Former Minneapolis police officer Derek Chauvin pleaded guilty on Wednesday to a federal charge that he violated George Floyd's civil rights when he killed him in 2020.
The disgraced former officer will avoid another trial but potentially extend the amount of time he serves in prison on a state sentence.
He and three other former officers were indicted in May on charges of violating Floyd's constitutional right to be free from unreasonable seizure and force by a police officer. Alongside the three other former officers, Chauvin had originally pleaded not guilty in the federal case in September 2021. But he changed his plea Wednesday, eight months after he was convicted of murder in a state trial.
As part of his plea deal, prosecutors recommended 300 months in prison, to run concurrently with Chauvin's murder sentence.
Chauvin pleaded guilty to one count of violating Floyd's civil rights and another count of violating the civil rights of a 14-year-old in 2017. He had been facing another federal trial for the 2017 incident in which he grabbed the teenager by the neck and beat them with a flashlight. Chauvin held the teen down by placing his knee on the teen's neck while they were handcuffed, a similar tactic that was found to have killed Floyd.
Prosecutors said other charges involving those cases would be dropped, according to the Associated Press.
Chauvin appeared Wednesday morning in an orange jumpsuit in the US District Court of Minnesota, with members of his family and Floyd's family present. The teenager involved in the 2017 case was also sitting in the courtroom.
When US District Judge Paul Magnuson asked whether he understood what he was going forward with.
"Yes, your honor," Chauvin said.
"You understand that there is no right to appeal to a higher court? This is the end of it?” Magnuson followed up, according to the court pool.
“Yes, your honor,” Chauvin replied.
When the judge asked how Chauvin wanted to plead, he said, "At this time, guilty, your honor."
Video of Chauvin pressing his knee into Floyd's neck as the man yelled out that he couldn't breathe helped galvanize a nationwide social movement aimed to draw attention to and stop excessive use of force by police against Black people. Floyd's cries of "I can't breathe" were stamped on flags and signs that were carried in street protests across the country.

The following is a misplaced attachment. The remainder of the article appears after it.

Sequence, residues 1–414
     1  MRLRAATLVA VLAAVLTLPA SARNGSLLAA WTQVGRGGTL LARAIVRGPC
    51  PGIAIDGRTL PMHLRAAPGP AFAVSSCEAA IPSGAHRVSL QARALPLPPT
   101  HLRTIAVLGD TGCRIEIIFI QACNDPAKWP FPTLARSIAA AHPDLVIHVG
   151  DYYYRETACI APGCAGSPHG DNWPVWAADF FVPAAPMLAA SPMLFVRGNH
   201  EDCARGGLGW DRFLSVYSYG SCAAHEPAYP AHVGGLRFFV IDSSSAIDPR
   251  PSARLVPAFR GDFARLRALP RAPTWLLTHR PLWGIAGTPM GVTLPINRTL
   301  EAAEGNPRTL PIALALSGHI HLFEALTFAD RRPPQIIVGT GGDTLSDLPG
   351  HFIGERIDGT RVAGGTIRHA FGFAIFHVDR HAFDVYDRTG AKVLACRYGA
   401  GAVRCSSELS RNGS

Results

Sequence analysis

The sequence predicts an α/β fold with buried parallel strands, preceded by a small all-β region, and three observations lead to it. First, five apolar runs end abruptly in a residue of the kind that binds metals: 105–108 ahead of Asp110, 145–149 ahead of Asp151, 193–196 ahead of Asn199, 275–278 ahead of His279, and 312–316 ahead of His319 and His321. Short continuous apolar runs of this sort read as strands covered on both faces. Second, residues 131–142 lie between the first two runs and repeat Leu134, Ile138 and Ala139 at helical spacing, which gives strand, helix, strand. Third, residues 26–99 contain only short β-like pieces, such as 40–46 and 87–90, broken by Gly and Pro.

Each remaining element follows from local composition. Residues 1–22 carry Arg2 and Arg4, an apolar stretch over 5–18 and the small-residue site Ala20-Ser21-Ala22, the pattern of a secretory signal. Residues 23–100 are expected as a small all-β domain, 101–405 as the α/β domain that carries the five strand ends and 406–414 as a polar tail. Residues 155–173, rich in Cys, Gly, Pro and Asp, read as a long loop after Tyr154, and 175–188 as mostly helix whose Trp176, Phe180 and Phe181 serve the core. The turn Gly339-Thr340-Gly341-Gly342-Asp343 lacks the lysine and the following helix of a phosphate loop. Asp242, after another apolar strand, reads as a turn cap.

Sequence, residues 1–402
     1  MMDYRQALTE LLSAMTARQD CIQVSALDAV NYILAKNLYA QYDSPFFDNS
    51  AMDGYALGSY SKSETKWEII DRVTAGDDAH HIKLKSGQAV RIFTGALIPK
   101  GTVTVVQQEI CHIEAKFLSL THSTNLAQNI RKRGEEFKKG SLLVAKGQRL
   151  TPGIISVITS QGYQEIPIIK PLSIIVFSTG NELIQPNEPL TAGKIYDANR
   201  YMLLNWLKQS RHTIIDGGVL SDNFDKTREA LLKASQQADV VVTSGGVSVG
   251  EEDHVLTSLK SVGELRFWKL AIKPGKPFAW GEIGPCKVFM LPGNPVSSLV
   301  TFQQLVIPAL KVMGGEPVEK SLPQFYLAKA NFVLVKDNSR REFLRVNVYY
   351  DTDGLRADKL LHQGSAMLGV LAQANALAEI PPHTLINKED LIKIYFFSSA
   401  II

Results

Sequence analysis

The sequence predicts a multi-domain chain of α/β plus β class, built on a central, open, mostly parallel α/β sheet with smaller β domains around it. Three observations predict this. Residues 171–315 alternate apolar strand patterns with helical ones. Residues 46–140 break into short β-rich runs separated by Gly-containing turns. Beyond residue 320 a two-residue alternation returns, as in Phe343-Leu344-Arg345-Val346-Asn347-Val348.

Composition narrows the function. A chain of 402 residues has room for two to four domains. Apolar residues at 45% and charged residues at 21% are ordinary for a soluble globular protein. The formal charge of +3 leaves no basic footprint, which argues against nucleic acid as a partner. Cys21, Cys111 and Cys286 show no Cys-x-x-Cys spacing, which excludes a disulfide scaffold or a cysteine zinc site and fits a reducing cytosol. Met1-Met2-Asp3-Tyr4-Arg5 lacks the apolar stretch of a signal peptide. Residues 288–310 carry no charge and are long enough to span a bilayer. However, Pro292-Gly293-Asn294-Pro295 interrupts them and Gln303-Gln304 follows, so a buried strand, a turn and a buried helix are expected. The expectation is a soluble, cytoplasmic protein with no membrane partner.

Chauvin's conviction in April, a rare outcome for law enforcement officers, was applauded by civil rights leaders who have been calling for local, state, and federal reforms for law enforcement agencies.
He was sentenced to more than 22 years in prison and has been held in solitary confinement since then. The guilty plea will likely add about two and a half years to his sentence, but it will be up to a judge to decide any additional time served.
Magnuson didn't set a date for sentencing. Per the plea deal, Chauvin will now serve time in a federal prison facility.
Attorneys representing the Floyd family said in a statement that Chauvin's guilty plea shows "significant change is afoot" in holding officers accountable.
“George Floyd was a son, a brother, and a father … who changed the world,” they said. “We all play a role in keeping his legacy alive. We must all keep marching. We must all keep fighting against injustice. We must do this for George, to ensure that his one life and shocking death will change the future for countless others.”
The three other former Minneapolis police officers, Tou Thao, J. Alexander Kueng, and Thomas Lane, will go to trial early next year for allegedly failing to provide Floyd with medical care at the scene.
The trio had petitioned the court hoping to be tried separately from Chauvin, arguing they could not receive a fair trial if they faced a jury alongside him, but a federal judge ruled the four ex-officers would be tried together. Now that Chauvin has pleaded guilty, he will not be tried with the other officers.